Community-based (and driven) development (CBD/CDD) projects have become an important form of development assistance, with the World Bank's portfolio alone approximating 7 billion dollars. The authors review the conceptual foundations of CBD/CDD initiatives. Given the importance of the topic, there are, unfortunately, a dearth of well-designed evaluations of such projects. But there is enough quantitative and qualitative evidence from studies that have either been published in peer-reviewed publications or have been conducted by independent researchers to glean some instructive lessons. The authors find that projects that rely on community participation have not been particularly effective at targeting the poor. There is some evidence that CBD/CDD projects create effective community infrastructure, but not a single study establishes a causal relationship between any outcome and participatory elements of a CBD project. Most CBD projects are dominated by elites and, in general, the targeting of poor communities as well as project quality tend to be markedly worse in more unequal communities. However, a number of studies find a U-shaped relationship between inequality and project outcomes. The authors also find that a distinction between potentially "benevolent" forms of elite domination and more pernicious types of "capture" is likely to be important for understanding project dynamics and outcomes. Several qualitative studies indicate that the sustainability of CBD initiatives depends crucially on an enabling institutional environment, which requires upward commitment. Equally, the literature indicates that community leaders need to be downwardly accountable to avoid a variant of "supply-driven demand-driven development." Qualitative evidence also suggests that external agents strongly influence project success. However, facilitators are often poorly trained and inexperienced, particularly when programs are rapidly scaled up. Overall, a naive application of complex contextual concepts like "participation," "social capital," and "empowerment" is endemic among project implementers and contributes to poor design and implementation. In sum, the evidence suggests that CBD/CDD is best done in a context-specific manner, with a long time-horizon, and with careful and well-designed monitoring and evaluation systems.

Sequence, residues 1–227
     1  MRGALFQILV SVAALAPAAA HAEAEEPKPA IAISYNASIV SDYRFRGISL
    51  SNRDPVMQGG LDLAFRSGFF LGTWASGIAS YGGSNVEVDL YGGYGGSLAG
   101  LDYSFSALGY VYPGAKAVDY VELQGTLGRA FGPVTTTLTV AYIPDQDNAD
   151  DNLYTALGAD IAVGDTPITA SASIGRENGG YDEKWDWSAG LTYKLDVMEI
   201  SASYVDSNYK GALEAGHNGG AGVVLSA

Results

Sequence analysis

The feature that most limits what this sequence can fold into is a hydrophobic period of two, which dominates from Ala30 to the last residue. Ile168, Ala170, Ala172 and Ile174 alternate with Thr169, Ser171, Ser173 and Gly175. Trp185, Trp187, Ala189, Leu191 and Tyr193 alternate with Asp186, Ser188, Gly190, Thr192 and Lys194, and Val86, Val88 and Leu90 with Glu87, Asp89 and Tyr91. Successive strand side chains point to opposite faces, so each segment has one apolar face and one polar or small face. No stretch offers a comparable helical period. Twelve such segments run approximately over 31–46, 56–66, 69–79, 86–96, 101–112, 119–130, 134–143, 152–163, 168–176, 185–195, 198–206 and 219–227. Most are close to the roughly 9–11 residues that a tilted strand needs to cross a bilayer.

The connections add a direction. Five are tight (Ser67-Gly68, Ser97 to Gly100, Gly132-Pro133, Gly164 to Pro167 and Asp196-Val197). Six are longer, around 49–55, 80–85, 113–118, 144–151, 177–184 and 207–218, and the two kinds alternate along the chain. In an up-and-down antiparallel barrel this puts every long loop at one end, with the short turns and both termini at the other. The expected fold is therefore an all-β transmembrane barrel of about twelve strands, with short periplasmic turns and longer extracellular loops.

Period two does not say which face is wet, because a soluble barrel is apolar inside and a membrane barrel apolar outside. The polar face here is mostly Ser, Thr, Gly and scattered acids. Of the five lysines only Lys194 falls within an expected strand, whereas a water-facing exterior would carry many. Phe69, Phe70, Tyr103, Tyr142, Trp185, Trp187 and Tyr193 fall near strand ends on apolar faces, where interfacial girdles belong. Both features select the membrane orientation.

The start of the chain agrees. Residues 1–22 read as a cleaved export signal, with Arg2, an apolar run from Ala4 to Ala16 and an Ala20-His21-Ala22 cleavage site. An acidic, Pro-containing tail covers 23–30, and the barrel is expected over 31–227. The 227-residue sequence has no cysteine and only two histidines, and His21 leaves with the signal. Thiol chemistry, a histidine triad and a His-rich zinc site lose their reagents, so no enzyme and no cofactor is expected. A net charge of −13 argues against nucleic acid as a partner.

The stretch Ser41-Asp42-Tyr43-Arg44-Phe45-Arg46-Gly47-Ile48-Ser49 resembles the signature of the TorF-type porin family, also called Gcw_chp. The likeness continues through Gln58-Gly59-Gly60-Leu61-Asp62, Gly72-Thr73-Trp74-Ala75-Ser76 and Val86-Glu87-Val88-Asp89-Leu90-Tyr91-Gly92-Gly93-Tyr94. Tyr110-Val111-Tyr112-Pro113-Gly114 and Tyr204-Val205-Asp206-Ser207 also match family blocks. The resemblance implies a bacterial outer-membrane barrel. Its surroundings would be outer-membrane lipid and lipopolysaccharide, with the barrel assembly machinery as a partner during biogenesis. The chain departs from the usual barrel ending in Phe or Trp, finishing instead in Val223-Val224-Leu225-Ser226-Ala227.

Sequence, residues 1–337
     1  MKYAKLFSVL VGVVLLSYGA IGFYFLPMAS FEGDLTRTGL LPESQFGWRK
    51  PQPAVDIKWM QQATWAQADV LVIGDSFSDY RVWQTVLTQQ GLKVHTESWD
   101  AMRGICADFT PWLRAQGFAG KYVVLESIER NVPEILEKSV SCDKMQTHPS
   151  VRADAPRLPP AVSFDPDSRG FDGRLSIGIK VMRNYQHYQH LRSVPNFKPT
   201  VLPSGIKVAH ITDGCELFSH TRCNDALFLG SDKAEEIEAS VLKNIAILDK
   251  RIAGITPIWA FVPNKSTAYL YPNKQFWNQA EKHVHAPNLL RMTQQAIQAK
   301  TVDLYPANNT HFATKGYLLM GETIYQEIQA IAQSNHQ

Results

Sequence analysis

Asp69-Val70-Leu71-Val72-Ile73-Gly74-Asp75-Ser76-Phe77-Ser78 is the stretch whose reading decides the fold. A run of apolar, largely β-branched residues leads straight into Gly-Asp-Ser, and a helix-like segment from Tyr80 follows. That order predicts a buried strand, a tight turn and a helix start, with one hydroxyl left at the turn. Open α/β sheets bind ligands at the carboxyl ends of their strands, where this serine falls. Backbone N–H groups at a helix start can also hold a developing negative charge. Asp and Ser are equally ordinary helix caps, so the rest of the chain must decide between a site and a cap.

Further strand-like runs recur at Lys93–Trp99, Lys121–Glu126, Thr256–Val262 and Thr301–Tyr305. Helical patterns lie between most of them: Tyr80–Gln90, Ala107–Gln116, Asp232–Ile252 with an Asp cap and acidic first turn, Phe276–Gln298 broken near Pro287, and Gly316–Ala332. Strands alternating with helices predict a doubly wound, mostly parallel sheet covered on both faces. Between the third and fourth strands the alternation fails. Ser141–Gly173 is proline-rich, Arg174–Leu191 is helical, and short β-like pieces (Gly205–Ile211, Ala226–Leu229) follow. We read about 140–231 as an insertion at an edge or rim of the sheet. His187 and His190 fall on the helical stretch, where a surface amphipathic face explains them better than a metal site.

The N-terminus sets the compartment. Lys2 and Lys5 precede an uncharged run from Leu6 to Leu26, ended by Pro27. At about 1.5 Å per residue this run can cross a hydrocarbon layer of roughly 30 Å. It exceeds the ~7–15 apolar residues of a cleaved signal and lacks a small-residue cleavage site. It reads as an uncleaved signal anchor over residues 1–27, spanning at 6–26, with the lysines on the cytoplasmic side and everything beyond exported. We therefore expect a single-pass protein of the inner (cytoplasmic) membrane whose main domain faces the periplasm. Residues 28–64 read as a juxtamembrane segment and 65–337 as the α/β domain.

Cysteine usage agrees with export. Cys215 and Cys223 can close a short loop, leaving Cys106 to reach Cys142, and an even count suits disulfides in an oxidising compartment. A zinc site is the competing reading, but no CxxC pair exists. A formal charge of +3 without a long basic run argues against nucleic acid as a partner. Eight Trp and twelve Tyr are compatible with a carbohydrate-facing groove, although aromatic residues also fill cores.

• Publication